A comparative assessment of the impact of unconditional cash transfers for urban vulnerable households headed by elderly and non-elderly women in Mucheke ward 2 of Masvingo.
MetadataShow full item record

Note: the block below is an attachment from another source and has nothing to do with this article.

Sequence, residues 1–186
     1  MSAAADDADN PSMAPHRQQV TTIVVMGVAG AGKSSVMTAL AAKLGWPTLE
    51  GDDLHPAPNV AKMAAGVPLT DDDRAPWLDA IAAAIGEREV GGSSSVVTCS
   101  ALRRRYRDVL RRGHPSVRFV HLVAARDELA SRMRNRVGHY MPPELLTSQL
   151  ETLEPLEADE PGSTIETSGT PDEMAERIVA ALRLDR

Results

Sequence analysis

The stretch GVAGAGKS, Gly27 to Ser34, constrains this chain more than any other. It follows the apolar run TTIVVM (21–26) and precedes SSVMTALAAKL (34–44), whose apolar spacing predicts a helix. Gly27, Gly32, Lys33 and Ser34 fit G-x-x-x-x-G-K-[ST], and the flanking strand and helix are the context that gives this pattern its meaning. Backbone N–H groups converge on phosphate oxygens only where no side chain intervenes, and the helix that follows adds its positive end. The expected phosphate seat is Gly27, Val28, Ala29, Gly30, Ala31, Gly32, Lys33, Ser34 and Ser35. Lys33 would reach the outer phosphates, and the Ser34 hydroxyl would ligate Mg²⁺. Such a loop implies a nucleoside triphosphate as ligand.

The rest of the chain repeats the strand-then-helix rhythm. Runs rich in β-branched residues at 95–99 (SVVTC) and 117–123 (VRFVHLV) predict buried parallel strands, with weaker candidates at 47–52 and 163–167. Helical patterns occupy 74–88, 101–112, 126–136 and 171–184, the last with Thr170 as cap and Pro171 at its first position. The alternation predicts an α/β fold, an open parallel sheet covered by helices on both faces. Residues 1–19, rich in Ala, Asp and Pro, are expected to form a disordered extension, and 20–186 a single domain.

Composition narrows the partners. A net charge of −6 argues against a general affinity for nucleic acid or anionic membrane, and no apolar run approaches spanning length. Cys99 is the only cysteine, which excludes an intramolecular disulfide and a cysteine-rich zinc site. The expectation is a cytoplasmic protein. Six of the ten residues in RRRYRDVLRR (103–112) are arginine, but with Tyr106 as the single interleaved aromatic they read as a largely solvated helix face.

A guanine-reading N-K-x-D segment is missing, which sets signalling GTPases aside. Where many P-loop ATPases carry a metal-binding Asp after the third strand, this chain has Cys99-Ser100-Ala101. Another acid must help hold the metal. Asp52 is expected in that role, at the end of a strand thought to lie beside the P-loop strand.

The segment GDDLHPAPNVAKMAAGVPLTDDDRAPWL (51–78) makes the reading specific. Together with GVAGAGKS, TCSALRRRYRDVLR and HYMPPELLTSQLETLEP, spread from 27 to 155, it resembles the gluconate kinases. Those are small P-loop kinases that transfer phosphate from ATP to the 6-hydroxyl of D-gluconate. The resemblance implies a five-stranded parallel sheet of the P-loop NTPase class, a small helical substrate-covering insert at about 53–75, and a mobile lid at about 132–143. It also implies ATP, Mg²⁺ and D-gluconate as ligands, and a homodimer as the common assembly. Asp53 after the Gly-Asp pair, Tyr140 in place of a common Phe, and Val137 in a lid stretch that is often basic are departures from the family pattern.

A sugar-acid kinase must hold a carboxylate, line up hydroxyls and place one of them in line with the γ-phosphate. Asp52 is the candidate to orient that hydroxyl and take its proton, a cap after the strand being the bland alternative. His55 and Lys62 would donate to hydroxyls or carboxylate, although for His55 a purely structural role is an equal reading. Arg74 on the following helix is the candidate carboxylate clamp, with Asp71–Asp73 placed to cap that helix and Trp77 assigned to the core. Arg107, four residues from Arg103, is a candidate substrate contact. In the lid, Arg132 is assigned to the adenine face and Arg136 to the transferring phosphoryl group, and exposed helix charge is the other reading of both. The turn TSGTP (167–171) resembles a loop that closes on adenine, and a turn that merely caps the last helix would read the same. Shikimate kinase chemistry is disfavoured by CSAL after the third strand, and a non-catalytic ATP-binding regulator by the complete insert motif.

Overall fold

In line with global trends Cash Transfers (CTs) are increasingly replacing in-kind assistance (such as food and seeds) across all sectors of humanitarian and development assistance in Zimbabwe. This study focused on assessing the impact of unconditional cash transfers in addressing the needs of vulnerable urban household headed by elderly women in Mucheke ward 2 of Masvingo. The study also sought to identify the needs and the coping strategies employed by the vulnerable urban household headed by elderly women. The study is a non-intervention descriptive study carried out on a small scale. It emerged from the study that remittances are dwindling for these households and at the same time dependency ratios are on the increase. Those receiving cash transfers are being innovative as they invest some of the cash into small income generating initiatives. It further emerged that the needs of the vulnerable urban elderly and non-elderly women are insufficiently met by the small amount of cash transfer which is more often than not unpredictable and inconsistently provided. Backdating of the cash transfer entitlements affects the labour constrained. It was also observed that utility bills for the 55% of vulnerable urban household headed by elderly women gobble more of resources that the beneficiaries generate. The introduction of cash transfers improved social cohesion and household relationships and allowed women to make decisions on the use of the money. The study concluded and recommended that: Government, NGOs and donors need to work together to identify appropriate solutions to ensure that transfer values remain consistent in all locations, for example by building in reasonable allowances for exchange rate fluctuations into budgets. This also applies to those organisations whose budgets are not formulated in US Dollars. Computations for cash transfer entitlements should consider the beneficiary needs in line with the survival and or the livelihood promotion thresholds since the current cash transfers are too small to meaningfully leverage incomes for the vulnerable urban households headed by elderly and non elderly women. The cash transfer contributes 15% to the household income for the vulnerable urban elderly women and 21% to vulnerable urban household headed by the non-elderly women. There are some positive as well as negative impacts that have been realised as a result of cash transfers but more needs to be done in terms of reviewing the cash transfer entitlements as well as the CT policy framework which is good on paper (rhetoric) to be practically applied and supported. Comparatively, for two vulnerable groups, the assessment has shown that the cash transfers are modestly contributing to these households’ income but would be better if the amount is increased to a standard that can lift the beneficiaries from the survival threshold to at least the livelihood protection threshold.